MR imaging is established if mclassant damage of the skeleton is suspected and radiographic survey didn´t detect it.  Furthermore, MR imaging is used to differentiate an osteoporotic compression fracture from the fracture due to osteoporosis attributed to mclassant infiltration of the skeleton. Acute MR is used in neurovascular compression syndromes because it can differentiate a compression due to mclassant soft tissue expansion from a compression due to the overlap of the fracture fragments. If the first case occurs, an urgent radiotherapy is performed, the second case demands neurosurgery or orthopaedic decompression within 24 hours after presented signs when there is still a hope of reversibility.

PET imaging is a promising new technique that has the potential to detect myeloma deposits in the skeleton and in other areas of the body whilst the deposits aren´t reported by radiography or sonography.


PET imaging is able to provide overall skeleton survey, nevertheless, the MR imaging is focused.  PET imaging reveals accurate metastatic sites of the disease. It is a very costly technique that we use if its detection is necessary for the treatment process. An example of a fruitful use is the differential diagnosis between the solitary plasmocytoma and multiple myeloma. PET imaging is used in patients that can´t undergo the MR imaging because of the presence of a metal in their organism, especially if the information about the disease activity is necessary; namely in patints with non-secretory myeloma impossible to be monitored in a biochemical way. Exeptionally in these patients, the PET imaging can be ordered repeatedly.

MIBI imaging is comparable in detection performance with the PET imaging sensibility.  We however consider that MIBI imaging evaluation is more difficult and the technique hadn´t been adopted widely into clinical practice.

Advisibility of the bone marrow sample analyse or of the  percutaneous aspiration biopsy performed by an orthopeadist.

Sternal puncture and trepanobiopsy of the iliac crest are appropriate in patients with suspected mclassant bone marrow disease not evident on biochemical examination (monoclonal immunoglobulin) or both on X-ray   and MR imaging (lytic lesions). In osteoporosis patients without findings of lytic lesions, the MR imaging reveals either the primary osteoporosis  or the signs of tumor infiltration of vertebrae not evident on X- ray survey.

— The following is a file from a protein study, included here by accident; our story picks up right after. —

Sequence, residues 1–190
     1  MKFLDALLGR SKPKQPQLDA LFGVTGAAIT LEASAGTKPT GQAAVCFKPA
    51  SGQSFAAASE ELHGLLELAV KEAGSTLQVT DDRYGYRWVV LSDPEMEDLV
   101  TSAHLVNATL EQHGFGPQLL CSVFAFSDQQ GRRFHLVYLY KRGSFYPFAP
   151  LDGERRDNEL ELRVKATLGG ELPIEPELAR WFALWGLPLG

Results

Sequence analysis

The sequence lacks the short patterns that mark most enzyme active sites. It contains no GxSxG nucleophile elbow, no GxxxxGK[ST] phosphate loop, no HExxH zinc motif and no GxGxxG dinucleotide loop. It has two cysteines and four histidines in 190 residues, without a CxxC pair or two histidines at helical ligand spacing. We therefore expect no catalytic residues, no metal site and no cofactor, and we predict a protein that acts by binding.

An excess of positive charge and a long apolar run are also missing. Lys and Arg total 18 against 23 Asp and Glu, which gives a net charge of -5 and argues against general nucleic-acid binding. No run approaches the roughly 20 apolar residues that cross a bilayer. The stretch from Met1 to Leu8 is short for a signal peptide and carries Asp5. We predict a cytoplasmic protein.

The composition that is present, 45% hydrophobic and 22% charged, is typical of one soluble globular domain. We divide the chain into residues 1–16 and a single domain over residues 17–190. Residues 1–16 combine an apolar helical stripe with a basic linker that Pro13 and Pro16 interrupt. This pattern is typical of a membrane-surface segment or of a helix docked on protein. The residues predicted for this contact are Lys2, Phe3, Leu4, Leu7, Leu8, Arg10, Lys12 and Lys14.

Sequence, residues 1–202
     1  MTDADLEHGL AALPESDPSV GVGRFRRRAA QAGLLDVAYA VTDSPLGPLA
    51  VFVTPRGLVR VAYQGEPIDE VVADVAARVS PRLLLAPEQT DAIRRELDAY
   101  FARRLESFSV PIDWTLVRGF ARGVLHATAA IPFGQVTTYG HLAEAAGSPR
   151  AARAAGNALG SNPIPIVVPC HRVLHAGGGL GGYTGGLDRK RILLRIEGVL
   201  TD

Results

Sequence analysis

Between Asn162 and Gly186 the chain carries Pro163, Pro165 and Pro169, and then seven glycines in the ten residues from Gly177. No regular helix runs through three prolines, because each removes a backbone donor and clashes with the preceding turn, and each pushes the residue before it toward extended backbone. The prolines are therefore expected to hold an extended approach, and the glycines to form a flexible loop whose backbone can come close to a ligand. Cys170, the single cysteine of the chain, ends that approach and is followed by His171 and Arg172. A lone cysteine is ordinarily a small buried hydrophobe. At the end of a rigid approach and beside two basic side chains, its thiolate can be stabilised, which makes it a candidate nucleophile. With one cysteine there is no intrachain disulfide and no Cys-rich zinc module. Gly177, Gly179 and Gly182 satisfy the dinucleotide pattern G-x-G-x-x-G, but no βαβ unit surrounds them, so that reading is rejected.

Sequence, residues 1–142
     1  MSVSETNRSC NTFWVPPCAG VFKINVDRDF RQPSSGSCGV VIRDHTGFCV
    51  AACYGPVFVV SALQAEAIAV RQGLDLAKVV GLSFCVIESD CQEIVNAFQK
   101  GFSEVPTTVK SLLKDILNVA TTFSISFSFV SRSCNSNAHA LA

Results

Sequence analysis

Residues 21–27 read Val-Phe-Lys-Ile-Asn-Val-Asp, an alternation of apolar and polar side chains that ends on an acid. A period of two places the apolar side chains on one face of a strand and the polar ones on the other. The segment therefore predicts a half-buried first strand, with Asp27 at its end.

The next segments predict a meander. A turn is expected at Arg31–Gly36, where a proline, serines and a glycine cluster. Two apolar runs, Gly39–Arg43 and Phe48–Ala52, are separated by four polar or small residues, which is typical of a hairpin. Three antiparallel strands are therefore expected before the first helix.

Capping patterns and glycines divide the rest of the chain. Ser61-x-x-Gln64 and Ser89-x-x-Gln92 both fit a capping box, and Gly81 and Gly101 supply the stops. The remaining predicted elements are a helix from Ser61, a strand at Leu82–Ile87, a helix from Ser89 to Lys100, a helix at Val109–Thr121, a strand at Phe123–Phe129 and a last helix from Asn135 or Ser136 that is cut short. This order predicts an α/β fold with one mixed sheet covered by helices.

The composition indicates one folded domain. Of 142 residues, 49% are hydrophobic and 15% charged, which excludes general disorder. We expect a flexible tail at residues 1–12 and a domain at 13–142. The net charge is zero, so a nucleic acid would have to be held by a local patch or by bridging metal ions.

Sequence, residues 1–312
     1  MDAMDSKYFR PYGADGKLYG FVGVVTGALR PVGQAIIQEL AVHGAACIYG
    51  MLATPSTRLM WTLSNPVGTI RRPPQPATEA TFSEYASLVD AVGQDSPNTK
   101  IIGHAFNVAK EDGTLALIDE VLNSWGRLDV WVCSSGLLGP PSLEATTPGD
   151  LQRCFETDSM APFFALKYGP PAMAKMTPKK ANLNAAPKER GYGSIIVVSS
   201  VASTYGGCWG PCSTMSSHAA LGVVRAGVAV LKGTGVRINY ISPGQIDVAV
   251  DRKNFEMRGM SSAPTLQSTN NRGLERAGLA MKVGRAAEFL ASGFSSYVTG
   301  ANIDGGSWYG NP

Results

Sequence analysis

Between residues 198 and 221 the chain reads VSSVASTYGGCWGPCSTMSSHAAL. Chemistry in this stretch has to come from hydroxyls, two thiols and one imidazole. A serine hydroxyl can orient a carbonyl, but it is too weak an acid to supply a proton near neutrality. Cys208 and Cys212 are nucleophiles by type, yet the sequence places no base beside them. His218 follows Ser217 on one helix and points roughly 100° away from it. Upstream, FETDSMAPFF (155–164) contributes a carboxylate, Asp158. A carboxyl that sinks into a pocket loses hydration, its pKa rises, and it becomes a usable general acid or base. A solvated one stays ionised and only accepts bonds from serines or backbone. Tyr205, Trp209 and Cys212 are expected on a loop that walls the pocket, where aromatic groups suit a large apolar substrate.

The prognostic value of the sternal bone marrow aspiration and of the trepanobiopsy is limited and depends on the charcteristics of the aspirate. The final assessment is influenced by the quantity of the peripheral blood asirated along with the bone marrow.  The myelogram examination provides cell count.  If an excess of peripheral blood is aspirated, a part of the cell count consists of peripheral blood neutrophils instaed of stem cells. Therefore, the level of plasmocytes is seemingly decreased.

The trepanobiopsy excludes this discrepancy due to the peripheral blood aspirate.  The quantitative evaluation of myeloma cells in a histologic sample obtained by means of the trepanobiopsy is, nevertheless, more difficult. The clonality of plasmocytes can be revealed using the dual color determination for light chain of Ig kappa and lambda.

A situation may occur that the laboratory analyses are accurate, the histologic finding shows myeloma cell infiltration but the myelogram doesn´t still detect a significant presence of plasmocytes suggesting myeloma. We can certify the myeloma diagnosis if the myeloma cell infiltration is confirmed by myelogram. Otherwise, it is appropriate to perform the trepanobiopsy to establish the diagnosis.

In case of a lytic lesion that may provide a reason to suspect a solitary plasmocytoma (random bone marrow biopsy not proving the diagnosis), a sample from the lytic lesion taken by an orthopeadist should by hitologically analysed.